Tag Archives: Wellness

How wood can increase productivity in the workplace


Office design in wood

Have you ever walked across solid oak floors, or sat behind a mahogany desk and felt an unexpected sense of motivation and wellbeing?

You are not alone. The recent Workplaces: Wellness+Wood=Productivity report has proven that weaving wood into your office design and workplace can be a major driver of wellbeing, job satisfaction and productivity.

The full report builds on the biophilia hypothesis that was first popularised by biologist and author Edward Wilson — a notion that explains, “Humans have an innate tendency to seek connections with nature and other forms of life.”

And this report has shown that not only does the modern worker crave a connection to nature (like wood) in their office, it actually inspires them to become happier, more productive  employees.

More wood means happier workers

The report indicated that more than 60 per cent of indoor workers in Australia will spend the bulk of their days in an office. Of those, only half will spend more than an hour outside in nature each day.

Read more about finding a responsibly sourced wood solution for your business.

Interestingly, over a third of Australian office workers aren’t satisfied with their physical working environment. The report showed that workers who were employed in places with more wood had higher levels of satisfaction, more positive associations with their workplace, higher levels of wellbeing, higher levels of concentration as well as improved moods and personal productivity.

Greater productivity from incorporating wood into the workplace

The report demonstrated that the notion of wood improving the productivity of workers was not idealistic, but built on fact.

Biophilic design in the workplace can increase productivity by 15 per cent, with those surveyed saying more exposed wood in the office improved their ability to concentrate and lifted their feeling of wellbeing.

More timber can help combat the ‘sickie’

Did you know that wood isn’t just great for productivity, it also means workers take less leave days as well?

The report showed that almost half of employees that were very dissatisfied with their physical workplace took unplanned leave. That is compared to less than a quarter of workers who are satisfied with their surroundings.

With only 59 per cent of workers presently happy with their surroundings, employers can help eliminate the ‘sickie’ (unplanned leave for no reason other than not wanting to come to work) by adding more wood into the office environment.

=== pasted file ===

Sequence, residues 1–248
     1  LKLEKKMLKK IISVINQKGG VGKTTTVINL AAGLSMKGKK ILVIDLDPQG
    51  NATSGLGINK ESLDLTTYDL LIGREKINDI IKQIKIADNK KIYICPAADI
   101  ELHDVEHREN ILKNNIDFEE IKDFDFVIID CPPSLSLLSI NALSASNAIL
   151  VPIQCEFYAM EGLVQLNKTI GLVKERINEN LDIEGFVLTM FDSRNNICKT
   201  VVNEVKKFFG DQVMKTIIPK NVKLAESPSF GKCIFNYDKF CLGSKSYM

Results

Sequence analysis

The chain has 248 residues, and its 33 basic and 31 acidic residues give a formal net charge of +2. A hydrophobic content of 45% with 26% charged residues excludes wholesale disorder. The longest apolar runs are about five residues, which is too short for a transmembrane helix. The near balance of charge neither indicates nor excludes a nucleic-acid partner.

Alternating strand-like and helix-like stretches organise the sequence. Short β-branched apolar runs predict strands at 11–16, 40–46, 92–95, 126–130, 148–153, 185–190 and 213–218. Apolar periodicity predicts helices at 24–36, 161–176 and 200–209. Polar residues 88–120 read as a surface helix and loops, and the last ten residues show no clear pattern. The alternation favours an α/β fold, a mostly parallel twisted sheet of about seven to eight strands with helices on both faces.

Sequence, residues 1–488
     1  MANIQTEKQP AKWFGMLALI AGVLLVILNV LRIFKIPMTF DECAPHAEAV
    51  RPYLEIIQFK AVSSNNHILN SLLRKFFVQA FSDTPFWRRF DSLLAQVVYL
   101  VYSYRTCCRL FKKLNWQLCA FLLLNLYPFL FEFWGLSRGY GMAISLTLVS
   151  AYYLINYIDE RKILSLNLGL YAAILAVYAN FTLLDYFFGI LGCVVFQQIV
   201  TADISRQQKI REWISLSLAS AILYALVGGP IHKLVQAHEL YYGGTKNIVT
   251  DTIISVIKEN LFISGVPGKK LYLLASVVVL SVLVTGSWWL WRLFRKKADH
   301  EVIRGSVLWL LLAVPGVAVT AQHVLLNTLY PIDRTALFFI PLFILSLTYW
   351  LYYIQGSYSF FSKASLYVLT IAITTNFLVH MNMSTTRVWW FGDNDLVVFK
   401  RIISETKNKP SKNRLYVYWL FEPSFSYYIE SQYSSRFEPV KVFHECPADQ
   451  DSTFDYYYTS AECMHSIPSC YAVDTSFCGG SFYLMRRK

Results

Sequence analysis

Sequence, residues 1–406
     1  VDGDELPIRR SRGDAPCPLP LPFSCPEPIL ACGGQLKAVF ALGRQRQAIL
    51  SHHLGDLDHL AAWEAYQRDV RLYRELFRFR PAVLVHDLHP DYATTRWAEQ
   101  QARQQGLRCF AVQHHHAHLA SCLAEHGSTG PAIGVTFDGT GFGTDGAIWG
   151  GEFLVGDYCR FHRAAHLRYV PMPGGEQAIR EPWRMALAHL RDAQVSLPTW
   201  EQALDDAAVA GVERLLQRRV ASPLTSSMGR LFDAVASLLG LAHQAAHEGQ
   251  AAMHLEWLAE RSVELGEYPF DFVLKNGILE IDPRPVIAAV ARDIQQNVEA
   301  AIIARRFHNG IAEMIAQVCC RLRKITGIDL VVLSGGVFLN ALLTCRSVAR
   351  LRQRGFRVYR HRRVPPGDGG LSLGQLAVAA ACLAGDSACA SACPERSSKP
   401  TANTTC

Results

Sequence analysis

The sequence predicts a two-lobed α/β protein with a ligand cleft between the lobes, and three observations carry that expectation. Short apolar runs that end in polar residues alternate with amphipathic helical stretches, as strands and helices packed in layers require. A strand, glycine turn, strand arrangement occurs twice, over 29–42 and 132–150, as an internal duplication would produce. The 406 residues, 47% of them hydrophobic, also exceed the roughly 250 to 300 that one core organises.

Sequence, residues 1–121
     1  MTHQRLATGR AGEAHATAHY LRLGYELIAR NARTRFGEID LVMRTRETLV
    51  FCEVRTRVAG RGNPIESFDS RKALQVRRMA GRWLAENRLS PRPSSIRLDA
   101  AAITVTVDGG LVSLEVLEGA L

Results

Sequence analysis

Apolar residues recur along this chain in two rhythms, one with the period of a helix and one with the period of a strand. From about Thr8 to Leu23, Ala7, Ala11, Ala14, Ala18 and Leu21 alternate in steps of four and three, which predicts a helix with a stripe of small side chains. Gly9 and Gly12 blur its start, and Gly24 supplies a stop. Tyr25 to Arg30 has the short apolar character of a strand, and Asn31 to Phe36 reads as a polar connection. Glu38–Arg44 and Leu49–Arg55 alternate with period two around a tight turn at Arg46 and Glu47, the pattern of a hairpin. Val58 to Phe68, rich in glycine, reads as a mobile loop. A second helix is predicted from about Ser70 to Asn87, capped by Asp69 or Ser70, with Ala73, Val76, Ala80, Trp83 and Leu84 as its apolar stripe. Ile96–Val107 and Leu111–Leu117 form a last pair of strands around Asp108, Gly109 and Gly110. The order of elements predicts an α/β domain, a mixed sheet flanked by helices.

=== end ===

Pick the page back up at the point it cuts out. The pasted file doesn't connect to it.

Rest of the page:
Wood the big trend in modern architecture

Grand Designs Australia host and architect Peter Maddison backed the findings of the Wellness+Wood=Productivity report and said that architects were now weaving more natural elements into their designs.

Maddison got a first-hand experience of the changes that wood inspired in a recent re-design of his own home.

“I pulled up the shag pile carpets, got rid of all the plaster ceilings and replaced them with timber ceilings and beautiful oak floors,” he said.

“I removed all the plastic laminate and put in a lot more timber surfaces. It brought a sense of calm, a much more relaxed feeling.”

Maddison said there was a major timber revolution in the 1970s when it came to architecture and that the trend is returning in the modern era.

“The nuts and berries architecture in the 1970s was raw, celebrating nature in architecture,” he said.

“That trend is coming back. Not as raw as the ’70s … but we are seeing the use of timber is coming back.”

How can I incorporate wood into my workplace?

For many, ripping up carpets or replacing walls, ceilings or other structural elements is likely a bridge too far.

But there are many ways to incorporate wood into the workplace without making dramatic structural changes. For example, 45 per cent of those surveyed said they could see a wooden desk from where they sat, 39 per cent could see wooden tables and 39 per cent were in view of wood shelving or cupboards.

Other wooden objects that can be brought into the workplace include doors, chairs, window or picture frames, floorboards and blinds. Of course, if you are looking to renovate, the option for timber ceiling beams and wooden panels on the walls and floors can be attractive additions as well.

In conclusion, it’s worth bearing in mind two things: One, that the average office refurbishment cycle in Australia is about seven years – so if you’re near the end of your current cycle, now’s the time to start planning for a more productive wooden workplace. And, two, that what applies in the workplace arguably translates to the home, whether it’s where a homeworker works or homework is done – adding wood will make it a more pleasant, productive environment.